Kenny (Christopher Jordon Wallace) is a latchkey kid in Nick’s neighborhood. You first spot him on the street riding the bike in circles just beyond Nick’s front lawn stuff. For the minimum wage in Arizona, Nick puts Kenny to work helping the floundering former account executive bring a yard sale to fruition —on the green—so to speak. It must be completed in three days. If not, Nick’s AA sponsor, Detective Garcia (Michael Peña, “Crash,” “Million Dollar Baby”) of the Scottsdale PD, will put Nichols B. Halsey in the can, downtown. It’s the law.

In the meantime Nick and Samantha (across the street) have some neighborhood moments that are strictly platonic. After all, Sam is with child and married, too boot. Ms. Hall and Ferrell bring off some neat chit-chat as Samantha sees that Nick isn’t making headway getting back on the wagon he fell from more than year ago. The company has being trying to keep down any gossip about Nick’s one night stand at the hotel during the Denver meeting with a female who works in another department.

Plowing through his stuff (again: Carlin), Nick finds a battered high school annual in which Delilah laid gooey prose on a page when they were 17 or so. She wrote her old home phone number in the year book, then, which allows Nick, now, to get in touch with Delilah’s mom. He gets Delilah’s current address and falls-by her place for a surprise game of Catch-Up. Another well-done scene between Ferrell and Ms. Dern: well worth the watch.

Laura Dern as Sandy in "Blue Velvet"

Good to see Laura. Can’t help thinking of Bobby Vinton doing “Blue Velvet” whenever there’s a big screen Dern turn. Sandy, it’s been ages. Low-keyed, poignant moments float into place, nicely, as Kenny and Nick do yard sale biz, and Nick mentors Kenny on how to be what some might call, being-a-baseball-player. Kenny’s no jock: far from it. But young Wallace (the actor) is a solid member of the cast. You’ll be seeing more of him. Will Ferrell comes close to going all dramatic on us in this role. It’s a solid performance, as well, if you get through the “Now, how can we wring-out more sympathy for the Nick character” posturing.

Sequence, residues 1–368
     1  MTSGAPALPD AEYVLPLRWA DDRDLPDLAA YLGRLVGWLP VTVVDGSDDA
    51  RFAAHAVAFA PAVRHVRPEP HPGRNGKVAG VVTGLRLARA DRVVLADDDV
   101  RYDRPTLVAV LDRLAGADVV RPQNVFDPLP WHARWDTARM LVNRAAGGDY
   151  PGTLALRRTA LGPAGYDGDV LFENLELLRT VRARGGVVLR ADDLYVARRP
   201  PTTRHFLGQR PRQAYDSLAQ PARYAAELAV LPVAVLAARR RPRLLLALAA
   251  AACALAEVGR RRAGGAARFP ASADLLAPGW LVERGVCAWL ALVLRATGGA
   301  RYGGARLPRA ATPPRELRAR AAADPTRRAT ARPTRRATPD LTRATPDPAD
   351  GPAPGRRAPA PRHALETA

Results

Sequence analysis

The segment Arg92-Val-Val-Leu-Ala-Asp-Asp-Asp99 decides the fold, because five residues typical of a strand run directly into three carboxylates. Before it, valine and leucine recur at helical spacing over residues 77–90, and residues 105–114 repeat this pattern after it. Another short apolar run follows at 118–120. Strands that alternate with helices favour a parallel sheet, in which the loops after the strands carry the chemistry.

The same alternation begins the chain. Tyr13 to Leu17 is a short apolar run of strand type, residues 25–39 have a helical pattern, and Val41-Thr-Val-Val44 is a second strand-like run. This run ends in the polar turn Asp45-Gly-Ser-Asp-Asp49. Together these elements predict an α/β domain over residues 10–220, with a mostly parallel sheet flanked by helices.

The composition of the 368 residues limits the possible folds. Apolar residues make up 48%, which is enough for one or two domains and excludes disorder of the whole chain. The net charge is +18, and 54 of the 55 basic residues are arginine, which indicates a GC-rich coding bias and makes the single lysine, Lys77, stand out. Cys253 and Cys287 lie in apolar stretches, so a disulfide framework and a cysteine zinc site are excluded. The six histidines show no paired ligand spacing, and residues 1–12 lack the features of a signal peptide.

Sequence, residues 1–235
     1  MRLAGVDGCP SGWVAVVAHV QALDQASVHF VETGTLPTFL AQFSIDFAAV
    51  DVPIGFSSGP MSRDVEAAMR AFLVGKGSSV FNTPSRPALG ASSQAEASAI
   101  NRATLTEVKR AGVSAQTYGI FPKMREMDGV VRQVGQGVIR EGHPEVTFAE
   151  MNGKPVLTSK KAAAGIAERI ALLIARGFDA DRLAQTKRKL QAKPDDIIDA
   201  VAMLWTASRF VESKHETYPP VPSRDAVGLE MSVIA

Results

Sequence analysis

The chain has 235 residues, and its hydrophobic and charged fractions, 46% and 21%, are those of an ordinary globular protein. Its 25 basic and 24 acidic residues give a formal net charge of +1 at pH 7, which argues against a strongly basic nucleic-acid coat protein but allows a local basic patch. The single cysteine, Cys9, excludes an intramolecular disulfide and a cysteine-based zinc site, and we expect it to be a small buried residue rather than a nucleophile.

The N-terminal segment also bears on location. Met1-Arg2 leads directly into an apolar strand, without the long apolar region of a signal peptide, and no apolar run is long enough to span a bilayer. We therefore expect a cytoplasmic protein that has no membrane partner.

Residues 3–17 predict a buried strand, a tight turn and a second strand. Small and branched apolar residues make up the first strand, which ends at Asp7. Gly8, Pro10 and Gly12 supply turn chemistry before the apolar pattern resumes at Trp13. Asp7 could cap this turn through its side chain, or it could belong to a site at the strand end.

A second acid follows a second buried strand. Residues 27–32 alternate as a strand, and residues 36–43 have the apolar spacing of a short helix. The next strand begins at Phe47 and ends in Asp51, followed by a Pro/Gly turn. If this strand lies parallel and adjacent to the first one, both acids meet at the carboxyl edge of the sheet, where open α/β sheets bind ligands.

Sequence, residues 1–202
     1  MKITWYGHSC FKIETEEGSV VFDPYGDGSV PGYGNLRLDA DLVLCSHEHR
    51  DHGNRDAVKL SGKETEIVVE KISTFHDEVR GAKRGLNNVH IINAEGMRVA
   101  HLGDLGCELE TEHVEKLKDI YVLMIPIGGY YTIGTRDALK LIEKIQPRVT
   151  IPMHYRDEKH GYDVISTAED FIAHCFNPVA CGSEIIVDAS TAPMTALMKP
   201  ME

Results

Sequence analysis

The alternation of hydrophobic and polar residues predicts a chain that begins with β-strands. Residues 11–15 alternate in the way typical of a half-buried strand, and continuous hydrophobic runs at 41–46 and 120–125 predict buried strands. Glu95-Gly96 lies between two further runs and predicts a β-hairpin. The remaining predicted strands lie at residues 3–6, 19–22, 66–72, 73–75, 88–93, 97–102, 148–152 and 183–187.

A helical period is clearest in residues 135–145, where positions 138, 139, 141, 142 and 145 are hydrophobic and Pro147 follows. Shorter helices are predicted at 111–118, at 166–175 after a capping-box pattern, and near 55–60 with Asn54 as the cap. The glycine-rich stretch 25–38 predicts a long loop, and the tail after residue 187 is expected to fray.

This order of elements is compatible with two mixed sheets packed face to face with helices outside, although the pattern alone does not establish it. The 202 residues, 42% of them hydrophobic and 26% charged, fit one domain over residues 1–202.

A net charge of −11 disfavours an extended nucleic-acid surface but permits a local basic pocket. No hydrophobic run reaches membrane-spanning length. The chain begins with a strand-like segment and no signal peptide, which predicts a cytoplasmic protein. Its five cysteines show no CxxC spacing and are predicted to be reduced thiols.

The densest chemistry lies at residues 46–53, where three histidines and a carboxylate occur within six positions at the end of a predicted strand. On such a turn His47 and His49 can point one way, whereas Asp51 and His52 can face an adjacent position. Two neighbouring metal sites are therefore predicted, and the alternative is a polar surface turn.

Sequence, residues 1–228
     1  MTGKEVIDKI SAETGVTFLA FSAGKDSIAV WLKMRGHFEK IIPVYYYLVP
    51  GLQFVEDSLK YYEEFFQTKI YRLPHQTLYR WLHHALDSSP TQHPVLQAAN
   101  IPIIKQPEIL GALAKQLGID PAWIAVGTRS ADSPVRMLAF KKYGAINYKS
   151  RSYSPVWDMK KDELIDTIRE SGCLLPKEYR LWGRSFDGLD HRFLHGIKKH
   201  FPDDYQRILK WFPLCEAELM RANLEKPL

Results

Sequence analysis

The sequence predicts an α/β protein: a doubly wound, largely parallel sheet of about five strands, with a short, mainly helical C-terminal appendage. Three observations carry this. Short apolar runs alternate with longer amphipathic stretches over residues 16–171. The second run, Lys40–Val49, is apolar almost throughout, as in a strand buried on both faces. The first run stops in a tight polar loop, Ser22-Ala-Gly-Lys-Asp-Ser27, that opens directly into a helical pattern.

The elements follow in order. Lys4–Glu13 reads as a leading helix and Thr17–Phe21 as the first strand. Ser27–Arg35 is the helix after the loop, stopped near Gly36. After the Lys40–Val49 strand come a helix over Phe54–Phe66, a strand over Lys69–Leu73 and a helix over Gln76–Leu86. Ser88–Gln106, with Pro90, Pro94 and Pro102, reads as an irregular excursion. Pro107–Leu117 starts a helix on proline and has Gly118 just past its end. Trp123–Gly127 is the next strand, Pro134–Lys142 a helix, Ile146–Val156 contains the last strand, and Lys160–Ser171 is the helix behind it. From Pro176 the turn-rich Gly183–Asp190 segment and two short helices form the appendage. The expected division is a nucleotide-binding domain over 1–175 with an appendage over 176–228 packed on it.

Success has been Ferrell’s regimen, going back to his zany SNL days at NBC. He’s gained more than enough in gravitas for having vehicles written for him, only. How cool is it to imagine the number of screenwriters — tonight — who’ll be conjuring up something new for a Will Ferrell-like dude to confront foibles in?

What might even be cooler would be for Will to do a secondary, heavy role in a really serious film, the only vehicle being used in the movie… for transport of characters, as the script provides. I have no doubt Will could cut it with aplomb. Ferrell might have to take another kind of cut doing such a picture, though, which would still be more than Arizona minimum wage. And, another thing: Director Rush would’ve added a really nice touch to his film at the outset when Nick is sacked. How ’bout Nick getting fired by Donald Trump, in cameo?

Can’t you hear The Donald rehearsing his line, now?

“Everything Must Go” official site.
Copyright © 2011, Gary Chew. All rights reserved.

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Gary Chew was a classical music host, programmer and producer on Capital Public Radio’s KXPR 88.9FM, Sacramento for 18 years. He retired in January 2007. Read more about Gary's long and storied career here.